The Chief first contends that this court should dismiss plaintiff's appeal of the Board's decision. In support of this contention, the Chief argues that (1) plaintiff did not name the proper parties to the appeal; and (2) the failure to do so mandates dismissal of the appeal. We will address each argument in turn.

The Chief initially argues that plaintiff did not name the proper parties in his complaint for administrative review. In the complaint, plaintiff named the Board and the Chief as defendants. According to the Chief, plaintiff should have also named the individual members of the Board because they were parties of record to the proceedings before the Board. We agree.

Judicial review of administrative decisions is governed by the Administrative Review Law (Review Law) (735 ILCS 5/3-101 et seq. (West 1992)). Section 3-103 of the Review Law requires that an action for administrative review "shall be commenced by the filing of a complaint and the issuance of summons within 35 days from the date that a copy of the decision sought to be reviewed was served upon the party affected thereby." (735 ILCS 5/3-103 (West 1992).) Moreover, the summons must be issued on the administrative agency and on all defendants. (735 ILCS 5/3-105 (West 1992).) Relevant to this appeal is section 3-107(a), which defines who shall be made a defendant to an action for review of an administrative decision. At the time the complaint was filed and ruled upon, section 3-107(a) read as follows:

"Except as provided in subsection (b), in any action to review any final decision of an administrative agency, the administrative agency and all persons, other than the plaintiff, who were parties of record to the proceedings before the administrative agency shall be made defendants." 735 ILCS 5/3-107(a) (West 1992).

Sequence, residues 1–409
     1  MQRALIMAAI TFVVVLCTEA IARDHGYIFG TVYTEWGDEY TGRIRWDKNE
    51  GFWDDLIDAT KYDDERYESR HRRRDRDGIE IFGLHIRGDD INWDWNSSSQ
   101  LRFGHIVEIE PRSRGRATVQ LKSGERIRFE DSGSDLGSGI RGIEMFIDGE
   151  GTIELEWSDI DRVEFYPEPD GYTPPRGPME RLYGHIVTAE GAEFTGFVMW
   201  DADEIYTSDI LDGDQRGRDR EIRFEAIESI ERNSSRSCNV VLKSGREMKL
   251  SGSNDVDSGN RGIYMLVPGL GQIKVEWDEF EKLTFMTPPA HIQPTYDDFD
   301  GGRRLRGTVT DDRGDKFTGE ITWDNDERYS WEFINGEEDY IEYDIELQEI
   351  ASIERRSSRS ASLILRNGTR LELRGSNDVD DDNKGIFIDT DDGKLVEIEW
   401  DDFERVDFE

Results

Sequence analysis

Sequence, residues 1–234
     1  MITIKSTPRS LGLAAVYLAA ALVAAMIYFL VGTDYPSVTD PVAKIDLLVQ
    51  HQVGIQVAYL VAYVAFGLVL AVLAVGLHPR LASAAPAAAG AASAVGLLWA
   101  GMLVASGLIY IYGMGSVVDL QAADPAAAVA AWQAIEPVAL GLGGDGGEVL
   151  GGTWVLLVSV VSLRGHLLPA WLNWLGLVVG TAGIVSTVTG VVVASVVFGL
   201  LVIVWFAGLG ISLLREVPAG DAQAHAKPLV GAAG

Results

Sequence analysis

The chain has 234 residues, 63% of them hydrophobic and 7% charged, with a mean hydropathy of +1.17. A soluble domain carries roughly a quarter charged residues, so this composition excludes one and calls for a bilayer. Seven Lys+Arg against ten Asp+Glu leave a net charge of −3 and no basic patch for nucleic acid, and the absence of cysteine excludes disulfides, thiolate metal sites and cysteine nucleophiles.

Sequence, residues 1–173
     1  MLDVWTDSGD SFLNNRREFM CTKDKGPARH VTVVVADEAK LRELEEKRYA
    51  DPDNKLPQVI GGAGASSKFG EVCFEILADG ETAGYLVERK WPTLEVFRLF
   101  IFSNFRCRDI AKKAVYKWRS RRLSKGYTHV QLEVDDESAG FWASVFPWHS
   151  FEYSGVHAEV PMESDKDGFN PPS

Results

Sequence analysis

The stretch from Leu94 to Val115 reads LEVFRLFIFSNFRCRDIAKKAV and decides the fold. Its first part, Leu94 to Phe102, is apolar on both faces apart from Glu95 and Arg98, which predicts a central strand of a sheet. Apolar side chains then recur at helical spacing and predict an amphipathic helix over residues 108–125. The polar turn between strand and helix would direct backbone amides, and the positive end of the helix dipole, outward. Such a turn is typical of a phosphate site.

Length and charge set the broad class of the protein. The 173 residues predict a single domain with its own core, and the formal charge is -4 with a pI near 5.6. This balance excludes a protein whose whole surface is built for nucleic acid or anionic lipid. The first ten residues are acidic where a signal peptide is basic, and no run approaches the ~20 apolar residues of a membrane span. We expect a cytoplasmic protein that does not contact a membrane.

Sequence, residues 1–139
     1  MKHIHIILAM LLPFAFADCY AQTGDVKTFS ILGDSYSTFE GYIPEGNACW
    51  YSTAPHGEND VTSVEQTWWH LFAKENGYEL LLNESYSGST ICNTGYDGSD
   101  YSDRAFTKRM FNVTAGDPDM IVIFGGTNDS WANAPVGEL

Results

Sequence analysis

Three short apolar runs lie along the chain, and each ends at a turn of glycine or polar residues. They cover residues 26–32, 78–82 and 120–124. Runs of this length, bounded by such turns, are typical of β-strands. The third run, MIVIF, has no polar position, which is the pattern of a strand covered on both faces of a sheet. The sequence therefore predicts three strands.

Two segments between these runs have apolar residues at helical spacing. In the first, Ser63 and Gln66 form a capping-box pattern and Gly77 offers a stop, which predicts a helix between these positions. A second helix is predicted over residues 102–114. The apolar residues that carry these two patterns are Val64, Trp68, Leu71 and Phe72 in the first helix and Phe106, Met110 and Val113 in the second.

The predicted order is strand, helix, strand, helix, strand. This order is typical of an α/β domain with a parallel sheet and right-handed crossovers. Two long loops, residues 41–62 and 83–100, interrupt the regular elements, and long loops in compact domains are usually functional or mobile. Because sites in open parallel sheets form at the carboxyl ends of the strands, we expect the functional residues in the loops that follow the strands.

In Trettenero v. Police Pension Fund (1994), 268 Ill. App. 3d 58, 205 Ill. Dec. 731, 643 N.E.2d 1338, this court addressed whether individual members of an administrative board were "parties of record" for purposes of naming defendants in a complaint for administrative review. In Trettenero, the plaintiff filed an application to the board of trustees of the police pension fund of Aurora seeking a line-of-duty pension or, alternatively, a nonduty pension. After conducting a hearing, the board granted the plaintiff a nonduty pension, whereupon the plaintiff filed a complaint for administrative review pursuant to the Review Law. The complaint named both the board and the individual trustees of the board as defendants. The trial court dismissed the individual trustees as defendants. Trettenero, 268 Ill. App. 3d at 60-61.